Thursday, December 31, 2009

Twenty-eight Degrees

Twenty-eight Degrees (Frozen Pond), oils on canvas panel, 11" x 14." Contact artist for price.

Being off this week, I drove down to southern Maryland to spend a few days with my artist friends in Accokeek. They had a bit more snow down there than we had here in Columbia the previous weekend, and some of it still lingered in their shady preserve.

On my first afternoon there we went for a walk at Piscataway Park. It was bright and sunny, but the 25-30 mile-an-hour winds made the chill so extreme at the exposed river shore, that I was dissuaded from attempting anything outdoors. We set up a still life and painted in the studio instead. The weather was about the same the next day, so again we worked inside while another friend posed for us.

Although cloudy, by yesterday morning the wind had died down. My car's thermometer registered twenty-eight degrees, but I was determined to paint plein air--this would be a good test of my hardiness. I loaded up my palette and gear, bundled up and drove down to the beaver pond to paint at the place Patrise had indicated. I pulled the ear flaps of my Tilley hat down and trundled over a snow bank to this spot. I had a bit of trouble tying my apron with gloved hands, but managed without exposing any bare skin to the elements.

Two-thirds of the way into the painting, my hands had become so numb from the cold I had to take a break. Getting in the car, I took my gloves off and warmed my hands with my breath, lots of massage and clapping, then put the gloves back on to continue painting until I had the entire panel covered and the val-hues balanced.

By that time both my hands and feet were completely numb, so I deemed it prudent to pack up and go back to the house--frostbite is not something I want to deal with. It was a bit after noon and the temperature had risen to a balmy thirty-two. It took an hour and lots of hot tea and soup for my hands and feet to thaw out completely. Relying on memory (I'd forgotten my camera), I put the accents and finishing touches on the painting later, indoors.

Am I the only one that finds it amusing that a Cuban like me, better adapted to the tropics, would be motivated to paint in freezing weather while my two friends, raised in Michigan, stayed indoors? But alas, today I am paying for my madness with a case of the sniffles.

Friday, December 25, 2009

Our First American Christmas

Our family at my house celebrating last Christmas--we were a total of 26!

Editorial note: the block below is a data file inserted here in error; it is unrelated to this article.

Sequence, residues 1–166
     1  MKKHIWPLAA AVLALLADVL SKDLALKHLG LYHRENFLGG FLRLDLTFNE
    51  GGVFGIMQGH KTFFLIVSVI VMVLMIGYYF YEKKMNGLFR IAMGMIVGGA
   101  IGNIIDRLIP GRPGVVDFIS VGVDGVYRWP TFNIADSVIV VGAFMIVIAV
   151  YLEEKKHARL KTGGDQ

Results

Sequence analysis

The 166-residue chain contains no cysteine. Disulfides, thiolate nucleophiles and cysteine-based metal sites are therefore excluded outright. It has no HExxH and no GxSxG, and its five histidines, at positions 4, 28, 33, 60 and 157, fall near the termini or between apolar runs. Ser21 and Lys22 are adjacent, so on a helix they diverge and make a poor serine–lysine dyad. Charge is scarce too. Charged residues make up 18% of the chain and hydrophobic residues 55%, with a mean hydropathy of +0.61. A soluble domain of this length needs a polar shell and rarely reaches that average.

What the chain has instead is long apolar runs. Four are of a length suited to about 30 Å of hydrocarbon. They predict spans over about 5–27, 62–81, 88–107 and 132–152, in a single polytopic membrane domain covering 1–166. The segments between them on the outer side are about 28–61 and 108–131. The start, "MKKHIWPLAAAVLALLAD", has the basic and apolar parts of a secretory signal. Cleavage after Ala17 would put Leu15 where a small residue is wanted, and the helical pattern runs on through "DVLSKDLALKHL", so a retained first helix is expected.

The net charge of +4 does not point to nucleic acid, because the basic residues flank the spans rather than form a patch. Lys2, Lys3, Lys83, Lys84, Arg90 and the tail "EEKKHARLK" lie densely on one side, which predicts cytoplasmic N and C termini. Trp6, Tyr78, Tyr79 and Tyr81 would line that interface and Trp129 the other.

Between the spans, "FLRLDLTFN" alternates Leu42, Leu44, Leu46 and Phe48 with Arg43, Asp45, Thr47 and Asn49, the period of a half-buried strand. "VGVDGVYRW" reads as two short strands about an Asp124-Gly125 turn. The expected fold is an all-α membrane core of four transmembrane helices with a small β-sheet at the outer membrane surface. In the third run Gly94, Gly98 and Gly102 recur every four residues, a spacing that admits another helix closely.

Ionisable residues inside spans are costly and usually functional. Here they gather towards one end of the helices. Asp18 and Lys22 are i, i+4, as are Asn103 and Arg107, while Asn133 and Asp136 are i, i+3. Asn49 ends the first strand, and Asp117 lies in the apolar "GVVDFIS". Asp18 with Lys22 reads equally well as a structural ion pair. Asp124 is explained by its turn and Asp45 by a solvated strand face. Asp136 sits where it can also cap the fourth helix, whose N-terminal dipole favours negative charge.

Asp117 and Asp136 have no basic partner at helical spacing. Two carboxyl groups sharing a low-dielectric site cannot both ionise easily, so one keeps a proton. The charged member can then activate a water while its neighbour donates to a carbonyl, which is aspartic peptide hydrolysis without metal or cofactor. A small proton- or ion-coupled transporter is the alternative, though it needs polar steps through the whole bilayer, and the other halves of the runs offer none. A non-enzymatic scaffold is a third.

Whenever I think times are tough, I like to remember what our first Christmas in this country was like. My sisters Beatriz, Silvia and I had arrived in Miami as refugees from Cuba on March 29, 1961, under what later became known as Operation Pedro Pan. After a couple of weeks in a refugee camp we were sent to Albuquerque, New Mexico, to live with American foster families and I was separated from my two sisters.

A few days after we reached Albuquerque, the ill-fated Bay of Pigs invasion began, breaking all communications with the island. For a month we had no idea of whether our parents and family in Cuba were alive, or if we would ever see them again. After a month, calls were resumed and much to our relief, we learned that none in our family had been arrested and taken away, though there had been mass arrests throughout the island during that Week of Terror.

My mother and youngest sister Cecilia arrived in Miami at the end of August, leaving my father behind. For three months my mother looked for work and just as it seemed hopeless, a teacher at St. Vincent's Academy, where Bea and Silvia attended school, became too ill to finish the school term. My mother was hired as a susbtitute teacher and Catholic Charities sent two one-way plane tickets for her and Cecilia. They arrived in Alburquerque at the end of November, and moved into a tiny casita near Old Town that the local agency had found for them.

Catholic Charities had paid the rent for two months, but unfortunately they had expected my mother to arrive earlier and by the end of November, the second month's rent was almost used up. Mom had to pay December's rent and utilities with her first paycheck, leaving us with next to nothing to live on. Bea, Silvia and I were so anxious to be reunited with them we moved in right away.

It was hard for the five of us to fit in the ramshackle house we nicknamed "el gallinero" (the chicken coop). Silvia and I shared a double bed in the converted porch, so small there was just enough room to turn around between an armoire and the bed. Bea and Cecilia shared another double bed in a slightly larger back bedroom, and my mother slept in the fold-out couch in the living room. The house had only one heat vent located between the living and dining area while ice formed inside the windows of the rest. The bathroom had a broken window pane that let the icy air in, and there was no place to store most of our things. It was a huge step down compared to our comfortable, well-ordered house in Cuba.